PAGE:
Kittens need homes (Singapore based)

Heart breaking story of Ema here ;_;  (photos of Ema borrowed from FSC’s flickr)

FSC is a long time friend of mine, who used to be a quiet shy being who loves drawing beyond anyone I ever know. Now a serious cat lover and travelling artist, FSC’s family already have a few cats in their home — all rescued :3

I would imagine they would want to keep Ema, but maybe they’re reaching a limit to be able to let their cats live comfortably without brawls and stress to the cats ^^;

Not too long ago after I heard about Ema the kitty, I saw a flickr friend looking for homes for some  rescued kittens as well, also based in Singapore.

Our Ginko and Yoshi were from a no-kill shelter, we still visit the shelter time to time and there’s always plenty of cats, waiting to find their “forever home”.  I think people in general need to be aware of the trap nueter release method to keep feral cat population under control, despite that kittens/cats are so cute ^^;

photo below taken at shelter sometime last year, when it’s kitten season ^^; I remember these adorable beans were newly rescued and were so painfully adorable!

I think Singapore has a lot of stray cats, and sometimes the government cull the cats =_= but the root of the problem is still being that the strays are generally not neutered or spayed so they will keep multiplying.  I hear that there are cat lovers who trap the cats and release them after neutering, but I would imagine it being difficult to do it without assistance/awareness.

7 replies
  1. chibinezumi
    chibinezumi says:

    acquired my two from a shelter and it is the best feeling to look at them and know they are safe. hope the kittens find a good home.

  2. Panther
    Panther says:

    The problem with the strays in SG is not the cats but the people who keep feeding them. I have 40+ (yes, that is a correct estimate) strays in my area within a 500-meter radius from my home and I know most of them by sight, they have their own groups, and are fed by at least three different people throughout the day. What is more some of them are “protected” by a collar these same people put on a few, so as to stop them being neutered and stuff.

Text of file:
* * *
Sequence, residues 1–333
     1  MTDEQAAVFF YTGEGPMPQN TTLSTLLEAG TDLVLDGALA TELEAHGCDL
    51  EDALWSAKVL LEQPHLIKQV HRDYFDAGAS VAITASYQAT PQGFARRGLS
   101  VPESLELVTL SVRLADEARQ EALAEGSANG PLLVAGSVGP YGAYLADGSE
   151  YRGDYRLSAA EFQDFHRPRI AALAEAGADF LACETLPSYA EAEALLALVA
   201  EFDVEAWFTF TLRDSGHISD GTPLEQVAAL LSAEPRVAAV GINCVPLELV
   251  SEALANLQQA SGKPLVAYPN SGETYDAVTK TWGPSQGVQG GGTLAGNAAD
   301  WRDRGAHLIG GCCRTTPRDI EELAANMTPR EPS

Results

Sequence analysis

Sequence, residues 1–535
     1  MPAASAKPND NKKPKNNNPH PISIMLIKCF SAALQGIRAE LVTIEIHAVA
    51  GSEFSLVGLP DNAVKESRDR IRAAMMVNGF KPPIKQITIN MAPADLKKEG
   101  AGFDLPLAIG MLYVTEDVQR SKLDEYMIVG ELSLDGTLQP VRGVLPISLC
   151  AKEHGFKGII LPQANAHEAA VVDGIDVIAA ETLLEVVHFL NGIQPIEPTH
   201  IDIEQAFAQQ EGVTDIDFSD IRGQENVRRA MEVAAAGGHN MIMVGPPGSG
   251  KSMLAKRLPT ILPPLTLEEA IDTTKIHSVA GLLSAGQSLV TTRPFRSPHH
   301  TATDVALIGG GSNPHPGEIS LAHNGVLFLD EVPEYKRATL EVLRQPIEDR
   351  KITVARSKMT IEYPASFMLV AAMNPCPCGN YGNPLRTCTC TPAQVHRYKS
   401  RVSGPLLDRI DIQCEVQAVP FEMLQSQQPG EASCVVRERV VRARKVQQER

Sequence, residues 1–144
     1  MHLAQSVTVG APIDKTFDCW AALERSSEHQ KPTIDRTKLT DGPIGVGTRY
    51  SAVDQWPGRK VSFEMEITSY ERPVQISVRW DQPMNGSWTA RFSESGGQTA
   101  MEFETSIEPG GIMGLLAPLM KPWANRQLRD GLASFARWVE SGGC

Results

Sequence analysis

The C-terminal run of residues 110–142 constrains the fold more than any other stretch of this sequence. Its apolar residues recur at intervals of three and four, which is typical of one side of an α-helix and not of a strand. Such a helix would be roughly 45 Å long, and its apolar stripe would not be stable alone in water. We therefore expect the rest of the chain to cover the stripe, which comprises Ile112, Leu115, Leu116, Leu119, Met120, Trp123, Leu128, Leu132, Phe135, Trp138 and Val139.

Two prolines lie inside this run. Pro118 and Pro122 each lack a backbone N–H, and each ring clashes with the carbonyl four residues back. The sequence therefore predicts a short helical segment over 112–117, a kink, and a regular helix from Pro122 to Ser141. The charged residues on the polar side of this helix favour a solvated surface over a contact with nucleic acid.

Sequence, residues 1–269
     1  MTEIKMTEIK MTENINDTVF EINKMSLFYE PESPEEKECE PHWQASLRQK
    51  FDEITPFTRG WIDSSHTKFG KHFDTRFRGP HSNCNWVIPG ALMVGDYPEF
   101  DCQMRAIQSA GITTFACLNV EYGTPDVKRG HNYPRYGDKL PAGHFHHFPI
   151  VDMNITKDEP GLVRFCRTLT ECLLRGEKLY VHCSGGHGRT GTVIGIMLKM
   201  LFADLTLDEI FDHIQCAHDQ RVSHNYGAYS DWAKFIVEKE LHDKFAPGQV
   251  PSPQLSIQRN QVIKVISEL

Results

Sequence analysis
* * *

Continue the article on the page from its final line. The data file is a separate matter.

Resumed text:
I can understand why they would do that, but they are not thinking of the hygiene problems and possible future problems. I do not mind that much, but others would.

    Too bad I cannot keep a cat either.

  3. i-pup (Jun)
    i-pup (Jun) says:

    Agree with you but so far from i notice the stray cats of my house area, the population of the cats are constant for few years even thought there is kind soul feeding them everyday. I think its not there is no new born kittens but the adult cats not bother to take care of them. Saw a few times the new born kittens are left alone, some the eyes not even fully open yet. =(

  4. TP
    TP says:

    As per Panther’s situation, it is made complicated by parties concerned whose strong religious beliefs refused the spaying/neutering of animals out of fear of cruelty towards them (either karma or God’s retribution).

    Understandably so, however, the feral cat population are more pronounced at older, more mature residential estates where such faiths are more heavily defended. It takes time for education and mindset to change, so unfortunately I cannot say much for these estates. Granted, newer estates do have stray cats, but not as more pampered and more belligerent as the older ones. (Trust me, I have been to Panther’s home estate, and the stray cat population there is beyond my comprehension.)

  5. chun
    chun says:

    Thanks for your good thoughts! and glad that your cats are rescued from the shelter ^O^ :) I hope the kittens find a good home too!

  6. chun
    chun says:

    While this is generating interesting discussion, I do hope the news about these kittens might spread to potential homes for them :3 (Panther thanks for helping me retweet when I tweeted about it earlier)

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